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Monday, 20 June 2016

Game of Thrones S6E9: Battle of the Bastards.


Game of Thrones
Series 6, Episode 9
Battle of the Bastards.



Speculation was understandably rife that this would be an episode entirely focused on one area, like how Blackwater was focused entirely on King's Landing, and The Watchers on the Wall was focused entirely on Castle Black. I desperately hoped it wouldn't be, because despite the fact that Blackwater remains my favourite episode, this episode just didn't have enough angles to make that same kind of storytelling interesting: Blackwater had Davos and Stannis on the ships, Tyrion leading the defense of the city, and Cersei and Sansa in the Red Keep, and it managed to ramp up tension while also keeping things interesting by switching between those three viewpoints. That's not something you can really do with this episode.

Luckily, it wasn't all Winterfell all the time: We also got some sections with Daenerys in Meereen, wrapping up the 'siege of Meereen' storyline introduced last week.

In this week's episode, Jon and Sansa march on Winterfell. After Ramsay turns down an offer of single combat from Jon, and murders Rickon on the battlefield, the battle begins, with Ramsay seeming to clearly and decisively beat Jon's army, before help comes at the eleventh hour. Meanwhile, in Meereen, Daenerys return sees the tide of the battle for Meereen change drastically, and Yara and Theon arrive in the city to appeal to her for help.

Worst mosh pit ever.

So, we'll start with Meereen. A few people have been speculating that Daenerys is going to go mad, as her father did, and I didn't buy that until this episode: As Daenerys proclaims that she'll execute not just the Masters but their entire army, and turn their cities to dust, Tyrion overtly draws a comparison between her and Aerys - and the episode continues to hammer in that comparison, even after Daenerys relents and takes Tyrion's slightly less bloody option instead, as she remarks to Yara that both their fathers (and Tywin as well) were terrible people, and that they're going to be better.

It's the most we've gotten to hint that Daenerys might end up going all Mad Queen, and it ties in well with the fact that Bran's visions have given us our first glimpse of Aerys, as well as Daario's remarks that Daenerys is a conqueror, not made for sitting on a throne (despite the fact that that's what conquerors do when they're done conquering.)

It was nice to see Daenerys and Yara flirting, though. I'd like it more if I wasn't still kind of reeling over Yara's whole 'oh my god stop being traumatised' speech to Theon, but details.

The battle scenes with Daenerys are brief, but all pretty dramatic, as she soars around the city setting fire to boats, with music swelling in the background, and occasional cuts to Tyrion talking very softly to the Masters. It showcases both of those characters' strengths pretty well, and after nearly a whole series of them being apart, helps cement them as the Game of Thrones Dream Team. 

Team Dragon.

Winterfell, meanwhile, is somewhat - less interesting to me. Sorry, I don't care all that much for Jon as a protagonist, and I care even less for Ramsay as a villain. The moment where Rickon dies is effective, but I almost feel like it would be more effective if it was Sansa, not Jon, who had to hold Rickon while he died. Ramsay has more ties to Sansa, after all, and it would hammer in the idea of 'Ramsay can't stand to have a trueborn Stark heir', which is more relevant to Sansa, since Rickon being dead means that it's just Bran before her now - and she has no idea that Bran's alive.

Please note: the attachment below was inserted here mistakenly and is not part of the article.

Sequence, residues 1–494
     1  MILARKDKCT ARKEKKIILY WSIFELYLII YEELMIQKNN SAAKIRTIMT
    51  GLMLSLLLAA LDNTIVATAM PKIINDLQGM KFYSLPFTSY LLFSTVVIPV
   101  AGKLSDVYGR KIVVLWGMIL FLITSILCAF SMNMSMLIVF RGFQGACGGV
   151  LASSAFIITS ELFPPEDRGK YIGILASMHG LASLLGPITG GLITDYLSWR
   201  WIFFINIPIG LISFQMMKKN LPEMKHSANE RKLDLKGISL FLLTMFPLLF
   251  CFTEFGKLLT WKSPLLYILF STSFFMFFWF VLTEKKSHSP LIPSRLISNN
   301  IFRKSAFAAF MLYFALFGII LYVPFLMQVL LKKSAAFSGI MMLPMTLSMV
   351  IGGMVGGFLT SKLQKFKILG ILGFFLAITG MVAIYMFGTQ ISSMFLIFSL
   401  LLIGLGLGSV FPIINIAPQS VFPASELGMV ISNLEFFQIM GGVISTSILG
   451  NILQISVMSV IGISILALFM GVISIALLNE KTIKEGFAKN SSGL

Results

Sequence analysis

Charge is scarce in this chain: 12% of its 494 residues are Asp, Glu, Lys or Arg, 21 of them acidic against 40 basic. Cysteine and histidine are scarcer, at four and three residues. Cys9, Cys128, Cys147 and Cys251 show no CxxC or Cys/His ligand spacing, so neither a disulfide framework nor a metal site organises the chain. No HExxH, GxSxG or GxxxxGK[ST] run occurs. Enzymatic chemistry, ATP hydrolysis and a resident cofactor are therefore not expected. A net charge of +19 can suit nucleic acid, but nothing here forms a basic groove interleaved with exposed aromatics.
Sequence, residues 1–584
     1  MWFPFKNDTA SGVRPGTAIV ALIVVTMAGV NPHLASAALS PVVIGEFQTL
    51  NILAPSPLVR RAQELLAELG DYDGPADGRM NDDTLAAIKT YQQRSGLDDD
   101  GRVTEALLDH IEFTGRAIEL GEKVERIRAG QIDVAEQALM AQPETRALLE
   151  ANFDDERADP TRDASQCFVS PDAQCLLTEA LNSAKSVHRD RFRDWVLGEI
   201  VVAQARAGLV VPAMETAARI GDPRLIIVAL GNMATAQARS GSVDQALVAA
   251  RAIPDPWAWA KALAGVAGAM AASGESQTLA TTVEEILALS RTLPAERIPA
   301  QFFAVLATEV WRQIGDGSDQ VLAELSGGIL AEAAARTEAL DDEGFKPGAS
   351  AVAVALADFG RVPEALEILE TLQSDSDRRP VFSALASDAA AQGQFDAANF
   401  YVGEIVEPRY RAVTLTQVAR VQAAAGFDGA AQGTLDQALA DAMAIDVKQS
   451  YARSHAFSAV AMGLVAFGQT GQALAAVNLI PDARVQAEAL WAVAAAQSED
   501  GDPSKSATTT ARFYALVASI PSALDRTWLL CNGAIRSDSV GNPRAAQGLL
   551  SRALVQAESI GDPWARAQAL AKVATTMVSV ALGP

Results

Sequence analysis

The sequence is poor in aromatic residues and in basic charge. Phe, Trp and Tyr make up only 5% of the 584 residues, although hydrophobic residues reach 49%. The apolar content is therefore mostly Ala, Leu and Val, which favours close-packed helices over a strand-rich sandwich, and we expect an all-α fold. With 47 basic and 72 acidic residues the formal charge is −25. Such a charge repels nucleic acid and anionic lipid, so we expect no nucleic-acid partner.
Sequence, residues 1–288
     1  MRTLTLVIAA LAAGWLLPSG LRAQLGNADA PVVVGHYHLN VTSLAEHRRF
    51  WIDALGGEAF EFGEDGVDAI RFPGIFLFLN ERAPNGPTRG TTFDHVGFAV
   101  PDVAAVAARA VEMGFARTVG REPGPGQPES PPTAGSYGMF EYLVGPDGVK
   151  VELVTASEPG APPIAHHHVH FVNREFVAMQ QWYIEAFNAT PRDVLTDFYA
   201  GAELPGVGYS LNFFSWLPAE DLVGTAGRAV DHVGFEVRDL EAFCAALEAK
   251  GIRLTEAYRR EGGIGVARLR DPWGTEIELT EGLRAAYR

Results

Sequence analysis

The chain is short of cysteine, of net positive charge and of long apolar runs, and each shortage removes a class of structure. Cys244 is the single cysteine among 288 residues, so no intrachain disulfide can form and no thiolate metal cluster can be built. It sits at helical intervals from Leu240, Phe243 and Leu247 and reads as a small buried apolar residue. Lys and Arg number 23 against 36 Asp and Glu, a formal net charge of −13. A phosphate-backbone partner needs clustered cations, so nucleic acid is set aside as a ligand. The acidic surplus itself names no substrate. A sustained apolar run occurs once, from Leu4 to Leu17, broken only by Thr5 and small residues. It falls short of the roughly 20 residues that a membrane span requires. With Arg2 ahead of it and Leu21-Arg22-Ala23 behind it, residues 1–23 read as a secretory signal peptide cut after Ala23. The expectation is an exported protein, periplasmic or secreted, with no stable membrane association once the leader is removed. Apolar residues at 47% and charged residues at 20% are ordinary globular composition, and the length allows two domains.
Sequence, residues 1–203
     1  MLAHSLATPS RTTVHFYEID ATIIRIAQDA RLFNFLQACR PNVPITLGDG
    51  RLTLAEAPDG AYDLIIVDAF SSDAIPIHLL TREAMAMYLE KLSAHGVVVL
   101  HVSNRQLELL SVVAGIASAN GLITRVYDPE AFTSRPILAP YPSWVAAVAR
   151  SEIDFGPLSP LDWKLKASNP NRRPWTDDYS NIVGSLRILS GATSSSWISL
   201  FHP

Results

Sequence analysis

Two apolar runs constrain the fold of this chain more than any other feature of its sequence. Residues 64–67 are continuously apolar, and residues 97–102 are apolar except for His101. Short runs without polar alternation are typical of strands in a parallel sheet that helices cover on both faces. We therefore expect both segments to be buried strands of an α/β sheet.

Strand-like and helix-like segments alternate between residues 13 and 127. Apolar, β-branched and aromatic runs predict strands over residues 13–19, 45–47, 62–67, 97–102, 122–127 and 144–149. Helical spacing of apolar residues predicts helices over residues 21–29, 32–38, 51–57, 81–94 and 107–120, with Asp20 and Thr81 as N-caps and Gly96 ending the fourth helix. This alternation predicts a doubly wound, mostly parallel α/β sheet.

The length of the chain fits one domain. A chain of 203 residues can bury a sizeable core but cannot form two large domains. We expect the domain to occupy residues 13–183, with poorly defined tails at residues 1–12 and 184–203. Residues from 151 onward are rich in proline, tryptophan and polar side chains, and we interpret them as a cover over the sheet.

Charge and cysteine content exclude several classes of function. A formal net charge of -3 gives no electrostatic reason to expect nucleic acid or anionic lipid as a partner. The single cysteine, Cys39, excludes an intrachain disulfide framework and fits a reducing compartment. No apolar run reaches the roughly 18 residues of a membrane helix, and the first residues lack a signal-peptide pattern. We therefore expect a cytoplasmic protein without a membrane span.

The Battle of Winterfell also doesn't feel that dramatic. It's very one-sided in Ramsay's favour, but there's no tension there because we all know what's going to happen. We know Littlefinger is going to show up with the Knights of the Vale. We know that the Knights will immediately just wreck Ramsay's army. We know that because of that, the battle will end with Jon and Sansa victorious. 

So the battle was mostly just waiting for that, and wondering if they'd manage to pull some kind of surprise, like Karstark betraying Ramsay, or Melisandre doing some magic shenanigans, or Jaime arriving - but none of those things happened, so it was just a waiting game.

Sometimes Ramsay looks like a frog.

What I did like, though, is that when the Knights of the Vale do arrive, it's framed as Sansa's victory over Ramsay. A lot of emphasis is put on Sansa and Ramsay acknowledging each other from across the battlefield, of Ramsay's confidence fading, and so on, and we're pretty clearly meant to take it as 'Jon lost against Ramsay, but Sansa won, because she outmaneuvered him.' That almost redeemed the entire battle for me.

Thankfully, Ramsay also died, in what might be one of the most gruesome deaths of the series - and gratifyingly, Sansa gets to be the one who kills him, by way of mauling him with his own hands. Good doggos. Good doggos.

Next episode, we're getting Cersei's trial, Daenerys finally properly joining the game (apparently), Jon and Sansa having trust issues with both each other and with Melisandre as Davos reveals that she had Shireen burned, some stuff with Bran, and what looks like Jaime being just about ready to murder Walder Frey. Please, Jaime. Please murder Walder Frey and redeem yourself in my eyes.

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